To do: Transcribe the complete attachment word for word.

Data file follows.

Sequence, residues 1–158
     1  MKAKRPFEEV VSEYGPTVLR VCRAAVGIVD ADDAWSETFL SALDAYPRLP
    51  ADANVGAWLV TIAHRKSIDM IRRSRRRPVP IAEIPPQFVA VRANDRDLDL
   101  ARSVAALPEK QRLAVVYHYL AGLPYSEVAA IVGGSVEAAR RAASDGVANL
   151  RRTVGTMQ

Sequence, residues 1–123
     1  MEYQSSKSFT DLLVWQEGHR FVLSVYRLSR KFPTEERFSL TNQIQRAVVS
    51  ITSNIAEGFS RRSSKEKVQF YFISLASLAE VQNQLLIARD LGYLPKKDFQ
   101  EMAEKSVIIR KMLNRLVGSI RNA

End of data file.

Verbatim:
Sequence, residues 1–158
     1  MKAKRPFEEV VSEYGPTVLR VCRAAVGIVD ADDAWSETFL SALDAYPRLP
    51  ADANVGAWLV TIAHRKSIDM IRRSRRRPVP IAEIPPQFVA VRANDRDLDL
   101  ARSVAALPEK QRLAVVYHYL AGLPYSEVAA IVGGSVEAAR RAASDGVANL
   151  RRTVGTMQ

Sequence, residues 1–123
     1  MEYQSSKSFT DLLVWQEGHR FVLSVYRLSR KFPTEERFSL TNQIQRAVVS
    51  ITSNIAEGFS RRSSKEKVQF YFISLASLAE VQNQLLIARD LGYLPKKDFQ
   101  EMAEKSVIIR KMLNRLVGSI RNA